Syndromes of Corruption: Wealth, Power, and Democracy
Cambridge University Press, 01.12.2005
Corruption is a threat to democracy and economic development in many societies. It arises in the ways people pursue, use and exchange wealth and power, and in the strength or weakness of the state, political and social institutions that sustain and restrain those processes. Differences in these factors, Michael Johnston argues, give rise to four major syndromes of corruption: Influence Markets, Elite Cartels, Oligarchs and Clans, and Official Moguls. In this 2005 book, Johnston uses statistical measures to identify societies in each group, and case studies to show that the expected syndromes do arise. Countries studied include the United States, Japan and Germany (Influence Markets); Italy, Korea and Botswana (Elite Cartels); Russia, the Philippines and Mexico (Oligarchs and Clans); and China, Kenya, and Indonesia (Offical Moguls). A concluding chapter explores reform, emphasising the ways familiar measures should be applied - or withheld, lest they do harm - with an emphasis upon the value of 'deep democratisation'.
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power consensus and policy
Participation institutions and syndromes of corruption
influence for rent decisions for sale
how to buy friends and govern people
we are family and youre not
reach out and squeeze someone
Andere Ausgaben - Alle anzeigen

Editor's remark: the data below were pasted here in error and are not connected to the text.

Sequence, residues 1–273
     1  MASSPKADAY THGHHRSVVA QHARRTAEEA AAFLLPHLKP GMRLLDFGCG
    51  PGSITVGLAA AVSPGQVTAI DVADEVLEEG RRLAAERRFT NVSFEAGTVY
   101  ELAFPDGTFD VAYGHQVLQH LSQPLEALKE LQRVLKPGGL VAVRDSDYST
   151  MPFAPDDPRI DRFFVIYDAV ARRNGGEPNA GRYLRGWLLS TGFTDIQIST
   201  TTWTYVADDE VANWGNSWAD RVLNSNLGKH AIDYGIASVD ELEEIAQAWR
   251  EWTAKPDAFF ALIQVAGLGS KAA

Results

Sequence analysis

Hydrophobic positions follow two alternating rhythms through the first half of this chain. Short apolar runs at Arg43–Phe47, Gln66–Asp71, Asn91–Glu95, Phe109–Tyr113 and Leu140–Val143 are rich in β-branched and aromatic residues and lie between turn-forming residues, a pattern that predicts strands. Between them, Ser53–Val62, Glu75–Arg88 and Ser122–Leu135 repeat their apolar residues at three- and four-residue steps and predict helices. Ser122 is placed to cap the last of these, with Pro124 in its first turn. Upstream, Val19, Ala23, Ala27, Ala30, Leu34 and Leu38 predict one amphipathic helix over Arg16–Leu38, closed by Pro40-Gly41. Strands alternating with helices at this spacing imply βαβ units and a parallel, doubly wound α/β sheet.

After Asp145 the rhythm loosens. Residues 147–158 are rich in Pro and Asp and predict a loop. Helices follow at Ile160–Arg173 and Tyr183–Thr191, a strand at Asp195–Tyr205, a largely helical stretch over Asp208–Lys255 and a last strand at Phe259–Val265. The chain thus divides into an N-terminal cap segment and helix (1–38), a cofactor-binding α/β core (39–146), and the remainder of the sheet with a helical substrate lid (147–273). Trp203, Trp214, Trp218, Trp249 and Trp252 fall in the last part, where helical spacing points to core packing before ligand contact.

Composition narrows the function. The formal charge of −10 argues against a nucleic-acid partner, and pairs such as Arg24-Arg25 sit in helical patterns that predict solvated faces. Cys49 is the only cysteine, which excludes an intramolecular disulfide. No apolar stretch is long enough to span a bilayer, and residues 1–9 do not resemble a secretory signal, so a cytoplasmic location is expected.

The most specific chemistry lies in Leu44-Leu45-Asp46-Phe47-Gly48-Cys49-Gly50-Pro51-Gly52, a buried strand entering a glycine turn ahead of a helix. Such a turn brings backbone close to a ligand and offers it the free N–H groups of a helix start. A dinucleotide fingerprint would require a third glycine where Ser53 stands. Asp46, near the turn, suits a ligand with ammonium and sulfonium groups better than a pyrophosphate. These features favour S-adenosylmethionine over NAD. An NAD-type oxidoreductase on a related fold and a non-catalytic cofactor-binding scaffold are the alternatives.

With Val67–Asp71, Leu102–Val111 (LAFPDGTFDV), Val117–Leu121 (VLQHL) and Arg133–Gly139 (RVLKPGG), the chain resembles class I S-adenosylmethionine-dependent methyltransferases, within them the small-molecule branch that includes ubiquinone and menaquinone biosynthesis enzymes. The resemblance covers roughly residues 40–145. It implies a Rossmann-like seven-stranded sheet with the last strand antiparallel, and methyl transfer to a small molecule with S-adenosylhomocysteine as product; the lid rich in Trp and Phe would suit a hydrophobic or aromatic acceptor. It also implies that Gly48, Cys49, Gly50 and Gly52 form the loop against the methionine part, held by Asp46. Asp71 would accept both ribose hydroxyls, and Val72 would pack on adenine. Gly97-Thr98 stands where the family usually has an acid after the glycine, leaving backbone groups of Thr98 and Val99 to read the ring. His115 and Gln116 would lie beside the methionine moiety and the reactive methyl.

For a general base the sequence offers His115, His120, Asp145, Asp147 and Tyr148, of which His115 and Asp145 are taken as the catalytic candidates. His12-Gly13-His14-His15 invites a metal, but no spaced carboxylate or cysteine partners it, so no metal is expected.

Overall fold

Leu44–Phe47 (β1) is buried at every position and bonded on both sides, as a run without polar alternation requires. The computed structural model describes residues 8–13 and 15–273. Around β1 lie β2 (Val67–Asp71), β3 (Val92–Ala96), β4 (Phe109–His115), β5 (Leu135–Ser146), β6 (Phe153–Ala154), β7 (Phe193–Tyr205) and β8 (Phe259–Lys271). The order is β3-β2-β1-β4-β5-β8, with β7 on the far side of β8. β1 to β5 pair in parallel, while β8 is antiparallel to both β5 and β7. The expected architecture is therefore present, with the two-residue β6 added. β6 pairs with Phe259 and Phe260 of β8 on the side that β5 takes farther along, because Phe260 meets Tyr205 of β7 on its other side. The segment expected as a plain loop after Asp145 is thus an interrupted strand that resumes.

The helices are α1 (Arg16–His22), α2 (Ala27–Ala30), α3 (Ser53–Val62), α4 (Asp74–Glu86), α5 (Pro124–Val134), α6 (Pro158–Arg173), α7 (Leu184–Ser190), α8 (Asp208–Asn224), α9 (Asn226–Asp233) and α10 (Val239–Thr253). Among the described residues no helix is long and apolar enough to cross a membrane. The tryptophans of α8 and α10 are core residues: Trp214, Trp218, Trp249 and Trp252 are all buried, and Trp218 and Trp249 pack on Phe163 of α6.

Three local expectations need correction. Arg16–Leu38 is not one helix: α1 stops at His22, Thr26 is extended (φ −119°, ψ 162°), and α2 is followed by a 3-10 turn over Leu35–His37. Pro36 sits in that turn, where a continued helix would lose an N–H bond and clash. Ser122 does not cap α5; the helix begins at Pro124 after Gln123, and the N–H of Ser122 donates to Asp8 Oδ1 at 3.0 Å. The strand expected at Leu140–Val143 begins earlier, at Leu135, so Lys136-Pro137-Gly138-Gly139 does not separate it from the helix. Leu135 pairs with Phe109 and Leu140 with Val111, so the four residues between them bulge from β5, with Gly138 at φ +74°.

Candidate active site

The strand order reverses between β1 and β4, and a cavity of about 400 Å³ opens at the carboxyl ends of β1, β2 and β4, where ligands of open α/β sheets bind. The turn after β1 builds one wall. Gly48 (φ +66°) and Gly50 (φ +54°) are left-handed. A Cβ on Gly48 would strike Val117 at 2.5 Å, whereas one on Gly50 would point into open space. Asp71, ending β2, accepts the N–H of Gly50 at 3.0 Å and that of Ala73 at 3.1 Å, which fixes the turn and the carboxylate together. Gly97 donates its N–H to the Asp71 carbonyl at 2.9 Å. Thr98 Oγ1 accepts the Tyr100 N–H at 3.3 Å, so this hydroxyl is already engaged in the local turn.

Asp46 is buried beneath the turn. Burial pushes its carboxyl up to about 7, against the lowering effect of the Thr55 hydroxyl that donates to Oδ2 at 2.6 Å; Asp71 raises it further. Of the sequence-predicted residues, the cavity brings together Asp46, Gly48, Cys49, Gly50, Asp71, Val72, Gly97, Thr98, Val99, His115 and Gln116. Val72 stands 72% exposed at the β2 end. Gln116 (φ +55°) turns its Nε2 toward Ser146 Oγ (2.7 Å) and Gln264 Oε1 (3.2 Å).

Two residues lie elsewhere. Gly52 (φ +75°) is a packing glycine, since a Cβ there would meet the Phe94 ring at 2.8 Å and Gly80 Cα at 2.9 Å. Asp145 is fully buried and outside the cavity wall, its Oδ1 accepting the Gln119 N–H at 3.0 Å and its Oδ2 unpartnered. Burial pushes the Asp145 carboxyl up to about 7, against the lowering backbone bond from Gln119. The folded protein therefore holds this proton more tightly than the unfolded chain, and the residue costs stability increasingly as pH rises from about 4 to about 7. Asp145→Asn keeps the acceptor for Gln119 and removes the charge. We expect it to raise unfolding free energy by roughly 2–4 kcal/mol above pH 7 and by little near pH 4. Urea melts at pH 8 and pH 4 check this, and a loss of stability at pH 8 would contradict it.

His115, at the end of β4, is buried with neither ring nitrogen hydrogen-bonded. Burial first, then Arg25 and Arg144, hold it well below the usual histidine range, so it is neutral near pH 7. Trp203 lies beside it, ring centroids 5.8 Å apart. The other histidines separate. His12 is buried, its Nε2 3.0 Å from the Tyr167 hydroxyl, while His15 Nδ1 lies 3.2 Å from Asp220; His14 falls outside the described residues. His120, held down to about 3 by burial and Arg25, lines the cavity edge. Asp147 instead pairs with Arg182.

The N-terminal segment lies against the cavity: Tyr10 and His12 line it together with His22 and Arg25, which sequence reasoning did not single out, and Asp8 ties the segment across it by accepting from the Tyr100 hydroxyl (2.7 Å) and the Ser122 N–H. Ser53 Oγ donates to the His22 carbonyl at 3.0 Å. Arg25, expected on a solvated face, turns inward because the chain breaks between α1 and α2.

abuses accountability affluent market democracies agendas anti-corruption Botswana bribery bribes bureaucratic campaigns chaebols chapter China citizens civil society contrasts contributions corrupt deals Corruption Perceptions Index corruption syndromes countries created credibility democratic dominated economic liberalization effective elections electoral Elite Cartel corruption enforcement factions favors Federal Election Commission figures funds groups growth helped Human Rights Watch impunity incumbents Indonesia Influence Market Influence Market societies insecurity interests involved Japan Johnston Kenya Korea leaders legitimate less levels major Marcos Mexico million money politics Official Moguls Oleg Deripaska Oligarch and Clan opportunities organized crime participation and institutions patronage percent Philippines political and economic political competition Political Corruption politicians Porta President presidential processes property rights reform regime role Russia scandals scores significant social strong Suharto sustained syndromes of corruption tangentopoli thru tion Transparency International violence weak institutions wealth and power
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